Thoughts on the new Enhanced Statistics site on NHL.com

I wasn’t actually planning on writing anything formal about the new enhanced hockey stats on NHL.com but this post over at Jewels From The Crown was kind of the last straw.

Before getting into that article let me say a few things. Despite the fact that I run a popular hockey stats site I really wanted to see the NHL do a good job on their advanced hockey stats site. I honestly don’t see them as a competitor nor do I really care if they are because I make no money off the site and my interest lies as much in analysis and research as it does in producing and running a website. I also see the NHL.com site being more geared to the average, more casual user while my site is geared more towards the hard core user and researcher. I love hockey, I love hockey statistics and hockey analytics, and I really would have loved to see the NHL do this right to bring this to a wider audience than I, or any of the other hockey stats sites, ever could. While I still have that hope my thoughts on this first attempt is that is a very poor effort that could have gone much better.

So, now, what set me on this bit of a tirade. Well, the post at Jewels From the Crown featured an interview with Chris Foster, NHL Director of Digital Business Development, and Gary Bettman. In it Sheng Peng asked about what ‘exclusive’ stats that NHL.com offers over other sites such as mine. This was a portion of the answer.

Foster: I’ve got to double check. I’m not sure. There’s zone starts, I think those are completely brand-new. And the level of depth that we’re doing with primary and secondary assists. I don’t think anybody’s going to have that much detail. That first batch—shot attempts and unblocked shot attempts–there’s a lot of that. It’s that second batch of stats—primary assists and penalties drawn over time—those are the ones that will be more unique to the site. They may be out there but not to the level of depth that will be on NHL.com.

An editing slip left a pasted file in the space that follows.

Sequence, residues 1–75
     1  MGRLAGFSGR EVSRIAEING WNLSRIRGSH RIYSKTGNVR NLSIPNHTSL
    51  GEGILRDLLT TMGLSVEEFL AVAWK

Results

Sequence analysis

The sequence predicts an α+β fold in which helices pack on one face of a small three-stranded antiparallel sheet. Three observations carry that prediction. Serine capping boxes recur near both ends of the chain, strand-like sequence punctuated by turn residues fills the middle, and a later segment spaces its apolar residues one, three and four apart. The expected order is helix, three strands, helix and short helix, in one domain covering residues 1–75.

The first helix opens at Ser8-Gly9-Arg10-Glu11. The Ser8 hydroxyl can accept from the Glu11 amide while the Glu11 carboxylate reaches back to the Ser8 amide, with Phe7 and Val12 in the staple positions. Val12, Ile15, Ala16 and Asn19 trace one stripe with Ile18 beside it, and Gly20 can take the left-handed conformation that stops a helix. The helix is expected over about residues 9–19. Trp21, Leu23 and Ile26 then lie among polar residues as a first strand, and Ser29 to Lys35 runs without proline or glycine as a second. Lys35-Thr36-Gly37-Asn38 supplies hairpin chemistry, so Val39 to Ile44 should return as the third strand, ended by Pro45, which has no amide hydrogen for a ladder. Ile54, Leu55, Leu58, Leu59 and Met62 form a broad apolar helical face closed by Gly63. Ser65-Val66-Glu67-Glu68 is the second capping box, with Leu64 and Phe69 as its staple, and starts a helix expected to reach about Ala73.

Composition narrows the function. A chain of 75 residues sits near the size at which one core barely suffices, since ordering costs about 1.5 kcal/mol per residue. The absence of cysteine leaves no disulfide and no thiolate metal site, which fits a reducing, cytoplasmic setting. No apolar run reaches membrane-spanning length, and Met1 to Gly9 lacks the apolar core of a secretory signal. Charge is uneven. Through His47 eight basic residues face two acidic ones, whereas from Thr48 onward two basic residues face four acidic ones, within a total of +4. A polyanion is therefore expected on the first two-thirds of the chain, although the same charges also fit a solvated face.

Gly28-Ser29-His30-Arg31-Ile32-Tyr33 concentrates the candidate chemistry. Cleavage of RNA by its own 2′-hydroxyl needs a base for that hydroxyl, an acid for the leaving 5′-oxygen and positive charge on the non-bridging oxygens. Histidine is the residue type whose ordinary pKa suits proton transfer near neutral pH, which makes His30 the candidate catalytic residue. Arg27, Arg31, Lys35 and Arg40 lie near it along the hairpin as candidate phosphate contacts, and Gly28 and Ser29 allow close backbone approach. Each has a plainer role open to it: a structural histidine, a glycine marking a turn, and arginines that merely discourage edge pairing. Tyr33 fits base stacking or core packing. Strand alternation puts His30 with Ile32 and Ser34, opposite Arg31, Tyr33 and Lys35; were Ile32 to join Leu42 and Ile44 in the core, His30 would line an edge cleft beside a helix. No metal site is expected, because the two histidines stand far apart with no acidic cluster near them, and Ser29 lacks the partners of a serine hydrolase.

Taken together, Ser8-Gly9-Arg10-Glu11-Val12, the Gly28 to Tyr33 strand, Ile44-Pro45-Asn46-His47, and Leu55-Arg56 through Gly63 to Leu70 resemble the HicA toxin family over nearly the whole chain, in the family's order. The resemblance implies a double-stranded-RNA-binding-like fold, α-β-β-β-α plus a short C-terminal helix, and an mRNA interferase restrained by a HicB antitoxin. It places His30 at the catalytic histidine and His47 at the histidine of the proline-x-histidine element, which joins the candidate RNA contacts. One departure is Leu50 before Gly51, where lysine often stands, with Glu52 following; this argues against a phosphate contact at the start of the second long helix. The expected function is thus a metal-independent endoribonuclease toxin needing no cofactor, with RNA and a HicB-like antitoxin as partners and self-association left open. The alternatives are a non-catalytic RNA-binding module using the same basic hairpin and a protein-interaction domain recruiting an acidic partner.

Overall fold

Zone starts?  Brand-new? Really? Zone starts have been around for years. Primary assists are exclusive to NHL.com? Really? I’ve had them on my site for years too. I even go a step further and look at primary points (goals + primary assists). Penalties drawn has been around elsewhere too. I’ll give the NHL the benefit of doubt and believe that they are actually oblivious to what else is being done out there because otherwise they are outright misleading and belittling the hard work that I and many others have done previously. Looking at their enhanced statistics site it is clear that they haven’t really put much thought into this whole project or reached out to the analytics community because they are tons of things that I think many would suggest they do differently. Here are a few examples:

  1. SAT and USAT are short for Shot ATtempts and Unblocked Shot ATtempts otherwise known as Corsi and Fenwick respectively. I am OK with the name change but for the NHL’s target audience it is absolutely unnecessary to use both. Even myself as an analytics person at times wonder why we have both Fenwick and Corsi. They are extremely highly correlated and the benefits of one over the other is generally very minimal. For the casual user it is completely unnecessary to burden them with these two separate stats. It would have been far better to simply use shot attempts (Corsi) and leave out the unblocked variety. Shot attempts are simple, straight forward, and easy to understand what they are.